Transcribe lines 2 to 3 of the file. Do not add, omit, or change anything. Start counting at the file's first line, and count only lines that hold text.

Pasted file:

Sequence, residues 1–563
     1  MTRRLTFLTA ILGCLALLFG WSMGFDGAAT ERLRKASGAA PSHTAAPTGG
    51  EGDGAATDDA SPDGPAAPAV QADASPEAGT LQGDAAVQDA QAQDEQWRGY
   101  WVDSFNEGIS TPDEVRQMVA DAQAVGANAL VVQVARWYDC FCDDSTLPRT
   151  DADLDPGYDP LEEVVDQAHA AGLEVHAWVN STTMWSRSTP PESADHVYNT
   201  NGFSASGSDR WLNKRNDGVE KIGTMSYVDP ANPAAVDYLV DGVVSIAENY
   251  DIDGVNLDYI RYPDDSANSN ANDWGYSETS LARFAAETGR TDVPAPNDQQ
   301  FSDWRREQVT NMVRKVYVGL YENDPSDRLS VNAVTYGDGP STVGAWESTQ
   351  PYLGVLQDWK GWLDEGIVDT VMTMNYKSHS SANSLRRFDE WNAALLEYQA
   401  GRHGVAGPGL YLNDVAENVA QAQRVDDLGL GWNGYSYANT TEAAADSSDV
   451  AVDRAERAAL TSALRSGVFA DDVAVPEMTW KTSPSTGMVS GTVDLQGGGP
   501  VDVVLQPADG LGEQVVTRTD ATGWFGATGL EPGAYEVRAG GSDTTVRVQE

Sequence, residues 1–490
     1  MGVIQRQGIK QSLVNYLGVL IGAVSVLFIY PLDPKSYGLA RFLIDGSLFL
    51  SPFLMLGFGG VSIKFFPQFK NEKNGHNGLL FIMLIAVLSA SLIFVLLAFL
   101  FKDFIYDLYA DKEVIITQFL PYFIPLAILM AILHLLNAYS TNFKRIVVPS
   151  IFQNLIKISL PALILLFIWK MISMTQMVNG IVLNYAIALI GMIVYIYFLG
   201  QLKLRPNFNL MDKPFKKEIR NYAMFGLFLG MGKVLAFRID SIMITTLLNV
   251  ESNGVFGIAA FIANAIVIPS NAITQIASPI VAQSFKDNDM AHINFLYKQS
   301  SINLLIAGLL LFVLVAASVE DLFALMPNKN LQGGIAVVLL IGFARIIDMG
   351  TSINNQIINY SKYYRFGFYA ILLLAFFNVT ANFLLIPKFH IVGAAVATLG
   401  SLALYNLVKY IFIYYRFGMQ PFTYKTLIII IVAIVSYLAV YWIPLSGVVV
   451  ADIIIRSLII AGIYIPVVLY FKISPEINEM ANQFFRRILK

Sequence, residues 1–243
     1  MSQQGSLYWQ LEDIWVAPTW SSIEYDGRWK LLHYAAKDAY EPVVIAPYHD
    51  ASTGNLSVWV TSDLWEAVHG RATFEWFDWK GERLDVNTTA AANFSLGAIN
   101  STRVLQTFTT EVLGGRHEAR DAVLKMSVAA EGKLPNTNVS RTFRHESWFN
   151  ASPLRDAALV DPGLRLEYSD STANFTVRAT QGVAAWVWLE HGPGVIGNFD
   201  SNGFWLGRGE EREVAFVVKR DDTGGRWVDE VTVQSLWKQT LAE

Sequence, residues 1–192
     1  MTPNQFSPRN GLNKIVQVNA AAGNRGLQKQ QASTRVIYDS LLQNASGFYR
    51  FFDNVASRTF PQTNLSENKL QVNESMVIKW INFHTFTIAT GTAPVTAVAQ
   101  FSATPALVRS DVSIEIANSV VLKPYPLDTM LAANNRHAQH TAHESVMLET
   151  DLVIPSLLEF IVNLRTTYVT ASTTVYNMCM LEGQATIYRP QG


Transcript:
     1  MTRRLTFLTA ILGCLALLFG WSMGFDGAAT ERLRKASGAA PSHTAAPTGG
    51  EGDGAATDDA SPDGPAAPAV QADASPEAGT LQGDAAVQDA QAQDEQWRGY